Our third and final day starting with our tour to Alcatraz. We were told to be there 30 minutes early and had to wait in a long line until they shoved us couple by couple to the photographer who would snap our picture for a later sale oppurtunity. Once in Alcatraz we decided to get a headstart and skipped the movie. We straight went for the audio tour, which was surprisingly free (not so surprising given that one ticket cost $24.50)... It was interesting, but for some reason tiring too. I think I could have skipped Alcatraz, there wasn't that much to see - prison cell, prison cell, prison cell, dining hall - prison cell, prison cell,... There is a lot of nature & wildlife to be seen on Alcatraz, but most of the island was roped off during our visit since the birds were still nesting. If any fellow traveler told me to skip Alcatraz I would have gone anyway. Alcatraz is too famous to be skipped.
We followed Alcatraz with a great lunch at Cioppinos and worked up our courage (I don't know why it needs courage) to rent a bicycle. A glass of great CA wine helped with this task and we rented two bicycles at the "Blazing Saddles". It was $8.- per hour - not a bad deal and given their close proximity to the Golden Gate Bridge all the more interesting. They thoroughly explain the way through the "no car" route to, up & over the bridge, the map is also yours. In addition they hand you a ferry ticket that takes you from Sausalito (on the other side of the Golden Gate Bridge) back to the waterfront in SFO. If you use it, you'll have to pay for it, if not then you just return it with your bike. Sausalito is really pretty too, but we didn't have enough time to visit...
AND our butts were thoroughly hurting by the time we got back from the bike ride. But I've gotten ahead of myself. The bike ride is really pretty through parks and fairly easy (just push your bikes up the two steep hills). The park by the little harbor is beautiful and Fort Point gives amazing views of the bridge. There's another lookout point on top of the hill, right before you go over the bridge. Going over the bridge was awsome, looking out over the Pacific. There's a sep. bycicle "sidewalk" with a few overlook "alcoves" - no pedestrians allowed (they have their own sidewalk on the other side of the bridge). We enjoyed it, but I wish there weren't so many "hobby-lance-armstrongs" out there. The way they are shooting by is really scary.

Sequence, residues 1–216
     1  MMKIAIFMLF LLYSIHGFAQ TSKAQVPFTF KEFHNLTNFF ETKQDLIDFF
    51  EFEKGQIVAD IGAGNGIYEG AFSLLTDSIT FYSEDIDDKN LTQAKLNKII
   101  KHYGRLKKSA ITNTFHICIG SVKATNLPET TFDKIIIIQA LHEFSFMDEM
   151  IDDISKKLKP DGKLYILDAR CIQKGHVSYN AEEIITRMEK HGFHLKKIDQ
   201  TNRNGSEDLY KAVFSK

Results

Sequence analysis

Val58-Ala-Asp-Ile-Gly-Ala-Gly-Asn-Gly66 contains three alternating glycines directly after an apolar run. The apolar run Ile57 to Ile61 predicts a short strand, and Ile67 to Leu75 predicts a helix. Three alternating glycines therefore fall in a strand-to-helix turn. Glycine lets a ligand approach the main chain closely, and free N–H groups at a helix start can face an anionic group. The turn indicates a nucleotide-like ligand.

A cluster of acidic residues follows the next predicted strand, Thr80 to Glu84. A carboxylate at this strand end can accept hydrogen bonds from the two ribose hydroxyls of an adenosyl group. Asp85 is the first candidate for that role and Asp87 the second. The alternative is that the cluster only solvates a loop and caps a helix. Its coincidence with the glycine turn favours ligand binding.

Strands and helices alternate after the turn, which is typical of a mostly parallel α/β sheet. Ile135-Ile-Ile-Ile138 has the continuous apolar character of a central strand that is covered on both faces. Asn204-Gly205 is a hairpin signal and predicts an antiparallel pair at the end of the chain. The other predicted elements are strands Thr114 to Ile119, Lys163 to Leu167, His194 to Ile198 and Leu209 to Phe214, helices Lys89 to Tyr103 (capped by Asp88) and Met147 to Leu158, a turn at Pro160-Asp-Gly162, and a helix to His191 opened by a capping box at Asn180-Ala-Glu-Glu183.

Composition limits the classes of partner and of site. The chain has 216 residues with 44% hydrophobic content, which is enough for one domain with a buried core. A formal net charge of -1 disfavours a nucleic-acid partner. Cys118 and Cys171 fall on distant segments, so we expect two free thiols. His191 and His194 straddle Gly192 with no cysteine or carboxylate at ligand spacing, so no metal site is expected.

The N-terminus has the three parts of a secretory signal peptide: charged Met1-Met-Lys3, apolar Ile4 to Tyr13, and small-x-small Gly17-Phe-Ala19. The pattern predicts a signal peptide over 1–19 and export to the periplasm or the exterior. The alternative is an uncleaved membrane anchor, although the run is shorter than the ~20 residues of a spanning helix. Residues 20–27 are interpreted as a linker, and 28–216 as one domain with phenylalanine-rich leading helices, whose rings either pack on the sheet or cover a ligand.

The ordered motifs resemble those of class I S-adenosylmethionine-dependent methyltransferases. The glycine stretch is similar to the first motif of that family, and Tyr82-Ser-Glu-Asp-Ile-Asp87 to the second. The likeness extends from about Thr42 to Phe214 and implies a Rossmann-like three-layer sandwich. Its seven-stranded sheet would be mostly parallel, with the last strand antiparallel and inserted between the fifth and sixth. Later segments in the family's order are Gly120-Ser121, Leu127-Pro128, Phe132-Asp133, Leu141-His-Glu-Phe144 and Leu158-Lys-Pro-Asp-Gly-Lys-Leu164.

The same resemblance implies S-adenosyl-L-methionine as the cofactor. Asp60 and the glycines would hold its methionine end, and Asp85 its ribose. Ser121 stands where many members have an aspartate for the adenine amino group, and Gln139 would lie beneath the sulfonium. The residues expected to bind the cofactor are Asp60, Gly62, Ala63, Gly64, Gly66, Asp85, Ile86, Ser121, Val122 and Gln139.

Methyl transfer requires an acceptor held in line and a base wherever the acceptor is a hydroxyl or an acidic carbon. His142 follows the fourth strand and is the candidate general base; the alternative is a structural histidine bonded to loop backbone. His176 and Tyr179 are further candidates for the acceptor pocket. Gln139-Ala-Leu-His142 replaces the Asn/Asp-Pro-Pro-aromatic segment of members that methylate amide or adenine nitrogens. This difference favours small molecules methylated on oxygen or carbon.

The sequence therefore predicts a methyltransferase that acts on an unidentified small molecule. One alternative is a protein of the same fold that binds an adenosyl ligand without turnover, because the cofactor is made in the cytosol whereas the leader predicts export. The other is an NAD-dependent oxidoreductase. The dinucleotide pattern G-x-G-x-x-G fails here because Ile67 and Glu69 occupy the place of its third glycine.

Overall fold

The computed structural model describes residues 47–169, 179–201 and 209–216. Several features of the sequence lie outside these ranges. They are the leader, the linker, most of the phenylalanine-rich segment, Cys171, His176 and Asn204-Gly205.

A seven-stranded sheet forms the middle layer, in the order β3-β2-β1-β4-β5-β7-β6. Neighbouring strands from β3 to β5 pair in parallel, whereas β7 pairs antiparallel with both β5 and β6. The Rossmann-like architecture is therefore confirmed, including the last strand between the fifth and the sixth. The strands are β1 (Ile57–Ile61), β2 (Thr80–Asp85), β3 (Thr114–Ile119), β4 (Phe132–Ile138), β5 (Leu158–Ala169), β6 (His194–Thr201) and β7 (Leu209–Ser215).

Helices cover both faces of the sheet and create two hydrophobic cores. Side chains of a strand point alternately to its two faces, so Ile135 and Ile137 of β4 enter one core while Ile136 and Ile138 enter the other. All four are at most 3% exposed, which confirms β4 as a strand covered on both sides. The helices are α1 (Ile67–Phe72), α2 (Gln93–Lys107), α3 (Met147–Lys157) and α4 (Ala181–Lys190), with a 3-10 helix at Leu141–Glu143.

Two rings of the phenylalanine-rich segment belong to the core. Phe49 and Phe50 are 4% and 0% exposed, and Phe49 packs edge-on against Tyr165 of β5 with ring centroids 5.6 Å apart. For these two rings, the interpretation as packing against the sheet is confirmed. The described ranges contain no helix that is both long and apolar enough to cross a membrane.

Once back at the bike rental we returned our bikes - paid our $40.- = 2 people x 2.5 hours. It was well worth it.
By the way, did you know that there are no cemeteries in San Francisco? Well almost none. San Franciscos population exploded with the gold digger boom and land became scarce. So to make more space - graves were relocated to make more space for people who actually LIVE in the city. There's no rest in peace in San Francisco :)
We decided not to go out for dinner on our last night in the city. Instead we wanted to watch a movie that was filmed in the unit we stayed in and also played on Telegraph Hill. Our landlord had recommended the movie. We ordered wine and pizza, got cozy and... well and there was no movie. I was a little disappointed with our vacation rental. They promised a welcome basket with lots of goodies and a bottle of wine, but there was no basket when we arrived. The place was not too clean either, don't look under the bed or up on the ceiling. Don't go for dust & hair-patrol as you'll find some. There's a cozy fireplace - but no firewood. But oh well - did I mention the awesome location? For that reason I would go there again. All the places we have seen while in SFO were within walking distance of the vacation rental. Wanna know where we stayed? It was here:
307 Filbert Street, Apt. C, San Francisco, CA 94133
One last story. Be sure to honor the emperor: Have you heard of San Francisco's emperor? I have first heard of him in Christopher Moore's book "A Dirty Job" (he's a real funny writer) and thought he made the character up, but once in San Francisco I found out that once the emperor has been a real person. His name was Joshua A. Norton, who lost his money in an attempt to corner the rice market, and declared himself Norton I on September 17, 1859 the Emperor of the United States and Protector of Mexico. People didn't take him seriously, but loved him nonetheless. He printed his own currency and it was accepted in places he frequented.
But now it's time to say good bye to San Francisco and rent a convertible for a face off with Big Sur!
***By the way, be sure to check the photo gallery for more pictures***